So how should the client think about it when they are doing something for YouTube versus television versus Instagram or actually it’s simplified of online versus traditional like TV. How should the client look at it differently?
Kunal Bansal (22:23.921)
So I think the most important thing that client as well as the creator should look after is the target audiences completely different. You might say that target audience is same for a for example, a pan masala brand on a digital platform and on a TV platform, but there is slight there still there is a difference between the target audience. If you the rickshaw, Allah who is watching a YouTube video is different from a
from a cycle peddler cycle farmer that is cycling across a rural town. So there is a difference between those people and they’re exposed to the world. So I think we should cater the difference in target audience. That is the most important thing while focusing on the traditional and the modern way of communicating ideas.
What else changes? Does the setup change? Does the lighting, of course the cameras and all, if you’re planning for TV, would of course be different than if you’re shooting in InstaReel. Can you sum up this? Because clients obviously then have different budget expectations also when they’re planning for television versus when they’re planning for online.
Kunal Bansal (23:34.337)
The biggest difference that comes to us creators is of course the budget. So there is a general misconception. Like if you call any director, any DOP, any filmmaker that is into advertisement and you tell them that you are doing an advertisement, the first question they’ll ask you is it a TVC or it’s a DVC? And they’ll quote you differently. Like for example, if a DOP is charging 50,000 rupees a day for a TVC, they’ll quote you 30,000 rupees for a DVC.
I am not able to wrap my head around it like this. They’ll put in the same effort. They’ll put in the same time. They’ll sell their soul. But the price difference would be there. So that is how the industry has evolved to be, which is very sad and unreasonable as well. I think that is not fair, but yeah, this is the current standard that we are chasing. So I think I hope in a perfect world we learn to…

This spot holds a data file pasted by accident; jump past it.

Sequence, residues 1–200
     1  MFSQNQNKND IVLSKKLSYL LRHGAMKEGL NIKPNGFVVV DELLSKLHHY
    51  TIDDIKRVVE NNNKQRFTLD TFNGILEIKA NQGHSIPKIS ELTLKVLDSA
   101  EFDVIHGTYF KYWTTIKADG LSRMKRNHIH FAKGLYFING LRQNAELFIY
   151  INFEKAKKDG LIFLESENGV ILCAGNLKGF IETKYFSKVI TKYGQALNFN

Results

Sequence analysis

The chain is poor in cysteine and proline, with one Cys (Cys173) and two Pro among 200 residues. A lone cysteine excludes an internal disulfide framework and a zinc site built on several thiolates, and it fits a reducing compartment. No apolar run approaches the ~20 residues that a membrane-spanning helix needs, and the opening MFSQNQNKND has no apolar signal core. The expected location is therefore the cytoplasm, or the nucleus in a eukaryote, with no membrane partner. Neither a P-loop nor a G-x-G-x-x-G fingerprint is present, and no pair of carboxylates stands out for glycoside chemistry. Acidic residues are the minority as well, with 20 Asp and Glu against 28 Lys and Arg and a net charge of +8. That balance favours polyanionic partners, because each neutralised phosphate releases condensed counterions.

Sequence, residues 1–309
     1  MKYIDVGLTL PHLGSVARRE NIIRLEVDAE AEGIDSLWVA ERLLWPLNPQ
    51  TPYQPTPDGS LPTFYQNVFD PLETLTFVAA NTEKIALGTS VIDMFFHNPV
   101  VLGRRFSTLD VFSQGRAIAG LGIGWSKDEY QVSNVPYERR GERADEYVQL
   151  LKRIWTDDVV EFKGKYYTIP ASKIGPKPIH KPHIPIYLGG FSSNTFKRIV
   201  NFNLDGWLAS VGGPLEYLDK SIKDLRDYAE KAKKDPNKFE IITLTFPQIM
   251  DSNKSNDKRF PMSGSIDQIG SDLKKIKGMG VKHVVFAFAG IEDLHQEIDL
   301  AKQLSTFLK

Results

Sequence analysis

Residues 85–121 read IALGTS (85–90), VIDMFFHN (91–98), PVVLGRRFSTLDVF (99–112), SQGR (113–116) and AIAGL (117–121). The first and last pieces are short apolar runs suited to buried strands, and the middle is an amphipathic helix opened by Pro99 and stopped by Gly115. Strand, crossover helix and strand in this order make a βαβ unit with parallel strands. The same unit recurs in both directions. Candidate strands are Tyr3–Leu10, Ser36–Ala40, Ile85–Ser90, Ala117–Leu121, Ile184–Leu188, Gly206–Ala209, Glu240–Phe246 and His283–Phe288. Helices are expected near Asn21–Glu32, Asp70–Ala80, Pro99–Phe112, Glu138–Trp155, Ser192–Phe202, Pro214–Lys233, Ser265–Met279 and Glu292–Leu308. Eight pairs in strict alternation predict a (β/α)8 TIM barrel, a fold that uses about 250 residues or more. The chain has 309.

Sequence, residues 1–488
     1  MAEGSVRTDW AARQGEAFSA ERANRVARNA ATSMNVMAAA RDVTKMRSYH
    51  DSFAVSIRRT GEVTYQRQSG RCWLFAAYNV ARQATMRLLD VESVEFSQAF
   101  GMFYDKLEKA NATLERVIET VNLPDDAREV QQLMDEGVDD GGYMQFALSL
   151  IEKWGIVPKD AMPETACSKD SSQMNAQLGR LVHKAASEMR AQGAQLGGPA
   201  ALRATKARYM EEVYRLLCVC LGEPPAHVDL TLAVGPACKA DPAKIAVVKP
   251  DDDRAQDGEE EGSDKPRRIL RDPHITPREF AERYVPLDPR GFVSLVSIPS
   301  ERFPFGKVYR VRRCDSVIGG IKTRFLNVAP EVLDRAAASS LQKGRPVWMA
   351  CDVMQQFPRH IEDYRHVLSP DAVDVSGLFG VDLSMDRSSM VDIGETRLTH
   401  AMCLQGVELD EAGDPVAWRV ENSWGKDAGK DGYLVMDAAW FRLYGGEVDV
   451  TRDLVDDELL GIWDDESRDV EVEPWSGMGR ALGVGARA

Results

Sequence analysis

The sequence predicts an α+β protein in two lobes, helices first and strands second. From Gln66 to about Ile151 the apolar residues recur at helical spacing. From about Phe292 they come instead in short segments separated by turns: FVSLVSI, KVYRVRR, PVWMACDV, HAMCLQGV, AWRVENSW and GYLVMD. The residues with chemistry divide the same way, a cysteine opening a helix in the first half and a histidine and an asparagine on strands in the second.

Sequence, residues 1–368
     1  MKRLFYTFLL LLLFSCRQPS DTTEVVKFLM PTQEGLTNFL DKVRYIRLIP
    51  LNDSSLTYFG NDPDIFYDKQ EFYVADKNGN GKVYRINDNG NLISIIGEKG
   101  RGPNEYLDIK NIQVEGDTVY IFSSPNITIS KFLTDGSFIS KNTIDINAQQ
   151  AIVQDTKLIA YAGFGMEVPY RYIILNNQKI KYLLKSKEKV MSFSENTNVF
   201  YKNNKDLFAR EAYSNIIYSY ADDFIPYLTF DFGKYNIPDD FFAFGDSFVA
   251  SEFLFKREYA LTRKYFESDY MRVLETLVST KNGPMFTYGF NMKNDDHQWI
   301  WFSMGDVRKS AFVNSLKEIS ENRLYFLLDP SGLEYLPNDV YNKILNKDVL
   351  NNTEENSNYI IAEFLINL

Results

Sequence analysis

Appreciate DVC as much as the DVC. But yeah, corner cutting is there in DVC and client.
Yeah, but if I’m running it, but also I have more of a budget if I’m doing, if I’m a startup spending a hundred crores on an IPL campaign, I am happy to put in the time and effort and money versus if I’m launching a new product and I want to do a few reels and reels disappear in three days. Like shelf life is typically so short unless it goes viral in which case it lasts for like four days. So clients do, but does the shoot.
look different. If you go to a set, how will you be able to instantly identify this is a TBC or a DVC.
Kunal Bansal (25:12.837)
The first difference that you’ll see on a real site or a TV site is the recycle sets. So the real, the dealers will use the, the pre-made sets where you’ll see, like if you visit any site, you’ll find, oh, that video has been shot on this. And that would be, has been shot on the site. I recently went for a shoot. We shot for a beauty brand and there was a small washroom set. And I would instantly make.
uh, instantly make that before our videos are short on that set. So that is the biggest difference that you can make out on that production. The first thing that gets deducted is your art budget. So as soon as you deduct your art budget, you’ll have to find a pre-made set that looks pretty cool because you don’t, now you don’t have resources to go on a live location or a simple set and put in your resources to make it, make it look better. So.
Yeah, that’s a fantastic startup idea. Like a Jaco ad and next day they’re shooting Perfora and the next day they’re shooting like a perfume ad or something. Same set. Startup idea right there.
Kunal Bansal (26:17.269)
So that is, so that is why Jack were puts in money in creating their own original checks. So that is why people are still paying like, uh, crores and crores of money for simple advertisements because they won’t, they don’t want, uh, they’re said to be a visible in somebody’s some somebody else is that that’s why you pay exclusively for that, that you can’t do ads for the similar industry for two, three years, five years, whatever.
Uber for ad film sets. Oh, I am inspired. I am inspired. But that’s interesting. So that is one big difference between DVC and TVC and of course budgets, which obviously run into lakhs per day on a television set, but could be, could range it out. So now I want to get into budgets. Actually, do you have any standard metrics when you’re quoting the price? Or does it always have to go back? Like, you know, I will spend a few days to figure out. I need much more detail on the concept.
Like if you are planning a whole shoot, of course, it’s not just a daily, whatever, but if you’re planning a whole shoot, including props, including actors, do you always have to plan everything out because what should a client expect? Should they always expect? No, it is very, very highly customized.
Kunal Bansal (27:28.109)